Halloween! So let us look at the psalm, not for this Sunday (Proper 26 in the jargon) but for 1 November — All Saints’ day, which happens to fall on Sunday. [For Proper 26, see the page on Psalm 107.] Some say that years ago, the winter frosts coming on, All Hallows day absorbed Celtic rituals spawning the festival for All Hallows E’en.
In any event, there are no pumpkins, lanterns or scary figures in Psalm 34. It is a positive acrostic poem, probably, as seen in verse 11, for educational purposes: “Come children and listen to me; I will teach you the way of God.”
David draws on a particular occasion when he avoided disaster (see 1 Samuel 21) to encourage praise and trust in a more general sense: “Many are the troubles … but God will deliver”.(19) So he urges exaltation (3) and invites listeners:
Taste and see that God is good; happy are those who take refuge in God. (8)
The song refers frequently to divine care, guidance and protection for ‘the righteous’, those who seek (and sometimes even achieve!) justice, love and equity. The mood is far from passive satisfaction. Who among you loves life? (v. 11, just outside 1 to 10 that we hear in this selection.) Then, says David, ‘… do good, seek peace, pursue it!‘
Besides verse 8 above, the final verse is one of the hooks into All Saints’ Day. It celebrates the many recognised and unknown everyday saints around us:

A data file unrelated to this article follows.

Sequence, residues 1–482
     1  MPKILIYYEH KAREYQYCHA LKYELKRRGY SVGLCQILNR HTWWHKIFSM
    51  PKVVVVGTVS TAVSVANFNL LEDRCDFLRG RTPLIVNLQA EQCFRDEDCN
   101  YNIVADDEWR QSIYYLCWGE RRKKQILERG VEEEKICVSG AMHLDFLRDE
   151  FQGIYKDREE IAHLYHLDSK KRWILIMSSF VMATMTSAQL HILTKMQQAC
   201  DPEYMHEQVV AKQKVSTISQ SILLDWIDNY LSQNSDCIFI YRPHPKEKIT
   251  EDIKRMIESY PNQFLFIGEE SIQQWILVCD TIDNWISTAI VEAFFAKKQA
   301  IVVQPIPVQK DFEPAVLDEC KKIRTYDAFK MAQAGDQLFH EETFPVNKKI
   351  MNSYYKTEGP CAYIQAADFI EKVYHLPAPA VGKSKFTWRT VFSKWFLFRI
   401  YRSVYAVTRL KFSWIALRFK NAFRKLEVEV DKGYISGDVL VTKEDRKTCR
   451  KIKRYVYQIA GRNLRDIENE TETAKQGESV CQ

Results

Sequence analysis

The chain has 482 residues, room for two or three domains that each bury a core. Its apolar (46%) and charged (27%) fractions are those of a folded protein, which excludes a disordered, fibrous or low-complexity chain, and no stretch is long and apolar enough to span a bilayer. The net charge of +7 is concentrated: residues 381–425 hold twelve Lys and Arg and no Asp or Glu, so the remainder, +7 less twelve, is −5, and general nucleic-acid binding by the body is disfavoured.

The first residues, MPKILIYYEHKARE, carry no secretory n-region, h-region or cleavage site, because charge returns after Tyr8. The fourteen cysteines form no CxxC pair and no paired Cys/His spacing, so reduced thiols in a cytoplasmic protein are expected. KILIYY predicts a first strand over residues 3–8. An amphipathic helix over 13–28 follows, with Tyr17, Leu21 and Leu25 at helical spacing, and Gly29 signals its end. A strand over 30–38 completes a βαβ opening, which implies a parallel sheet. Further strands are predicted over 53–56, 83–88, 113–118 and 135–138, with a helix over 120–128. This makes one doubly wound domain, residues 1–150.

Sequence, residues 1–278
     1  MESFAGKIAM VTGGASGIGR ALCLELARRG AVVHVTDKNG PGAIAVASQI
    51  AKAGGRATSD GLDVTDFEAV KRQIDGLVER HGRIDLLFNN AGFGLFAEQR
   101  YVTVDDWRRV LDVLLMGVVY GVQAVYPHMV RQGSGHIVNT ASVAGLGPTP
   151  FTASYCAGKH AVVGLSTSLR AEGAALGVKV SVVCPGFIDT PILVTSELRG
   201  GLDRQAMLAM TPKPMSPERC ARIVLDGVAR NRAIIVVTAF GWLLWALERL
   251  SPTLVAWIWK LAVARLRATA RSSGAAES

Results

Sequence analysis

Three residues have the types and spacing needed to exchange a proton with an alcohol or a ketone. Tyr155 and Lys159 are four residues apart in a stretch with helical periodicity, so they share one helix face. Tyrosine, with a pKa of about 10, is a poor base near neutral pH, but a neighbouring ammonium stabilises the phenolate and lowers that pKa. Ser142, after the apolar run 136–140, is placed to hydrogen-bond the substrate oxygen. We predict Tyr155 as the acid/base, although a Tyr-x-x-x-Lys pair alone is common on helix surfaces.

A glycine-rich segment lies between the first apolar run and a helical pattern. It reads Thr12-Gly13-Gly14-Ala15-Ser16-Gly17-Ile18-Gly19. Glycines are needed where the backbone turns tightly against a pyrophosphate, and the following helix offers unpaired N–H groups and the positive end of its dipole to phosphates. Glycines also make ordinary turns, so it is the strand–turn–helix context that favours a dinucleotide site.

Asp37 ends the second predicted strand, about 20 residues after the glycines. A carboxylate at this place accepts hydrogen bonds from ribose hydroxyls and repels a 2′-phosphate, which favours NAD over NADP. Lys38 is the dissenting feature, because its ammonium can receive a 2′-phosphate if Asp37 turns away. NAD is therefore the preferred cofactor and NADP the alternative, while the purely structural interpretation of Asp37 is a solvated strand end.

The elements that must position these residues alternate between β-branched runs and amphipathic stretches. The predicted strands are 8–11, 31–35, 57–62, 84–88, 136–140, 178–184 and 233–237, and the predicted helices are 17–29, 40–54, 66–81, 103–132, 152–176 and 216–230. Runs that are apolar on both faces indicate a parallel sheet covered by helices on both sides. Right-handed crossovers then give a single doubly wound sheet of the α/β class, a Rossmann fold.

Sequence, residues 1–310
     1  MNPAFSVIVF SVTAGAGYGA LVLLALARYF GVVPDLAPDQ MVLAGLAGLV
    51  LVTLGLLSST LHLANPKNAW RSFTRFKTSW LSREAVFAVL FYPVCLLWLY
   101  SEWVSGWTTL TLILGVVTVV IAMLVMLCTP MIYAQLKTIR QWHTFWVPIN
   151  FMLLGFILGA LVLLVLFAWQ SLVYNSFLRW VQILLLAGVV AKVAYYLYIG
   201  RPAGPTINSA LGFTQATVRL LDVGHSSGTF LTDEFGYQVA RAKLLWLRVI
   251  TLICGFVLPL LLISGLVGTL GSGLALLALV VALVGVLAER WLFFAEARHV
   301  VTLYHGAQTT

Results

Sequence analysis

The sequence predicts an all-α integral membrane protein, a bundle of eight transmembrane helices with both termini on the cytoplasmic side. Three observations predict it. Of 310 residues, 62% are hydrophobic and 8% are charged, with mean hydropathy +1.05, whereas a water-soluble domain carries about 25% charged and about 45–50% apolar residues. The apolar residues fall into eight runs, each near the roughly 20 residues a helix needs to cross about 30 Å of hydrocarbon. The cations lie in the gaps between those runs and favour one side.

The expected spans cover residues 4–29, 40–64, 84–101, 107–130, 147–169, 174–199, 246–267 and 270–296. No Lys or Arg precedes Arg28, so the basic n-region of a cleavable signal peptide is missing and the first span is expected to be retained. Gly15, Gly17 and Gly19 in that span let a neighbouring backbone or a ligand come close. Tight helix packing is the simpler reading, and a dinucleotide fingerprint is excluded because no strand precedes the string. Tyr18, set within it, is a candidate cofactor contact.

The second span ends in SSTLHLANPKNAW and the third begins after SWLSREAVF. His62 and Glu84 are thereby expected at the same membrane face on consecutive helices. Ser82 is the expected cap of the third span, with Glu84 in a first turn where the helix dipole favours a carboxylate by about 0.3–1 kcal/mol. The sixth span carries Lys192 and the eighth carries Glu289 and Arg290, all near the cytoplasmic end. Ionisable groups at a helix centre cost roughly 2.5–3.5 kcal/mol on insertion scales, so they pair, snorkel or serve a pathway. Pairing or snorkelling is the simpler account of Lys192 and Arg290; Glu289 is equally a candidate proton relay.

22 God redeems the life of his servants; none of those who take refuge in God will be condemned.
Most settings in handy psalmodies home in on verse 8, quoted earlier; ‘Taste and see that God is good.’ However any celebration of All Saints will naturally lead to a preference for a refrain referring however indirectly to saints. This we find in the New Century Hymnal which provides two antiphons by Jane Marshall, one for the Proper and one for All Saints. The latter, which will be presented online at South Woden, combines the sense of thanks from early verses with the acknowledgment of people in all ages who have found and offered succour:
Happy are those who find refuge in God. (v. 8b)
This verse is surrounded by references to people who seek and serve divine goodness in personal and societal life — the saints.
Turning briefly to the early music and classical scene, the psalm has been used as text for many musical settings, including several specifically written as a Gradual or psalm antiphon for All Saints Day observances. The entry in the tenor voice for one such, by William Byrd, is shown below: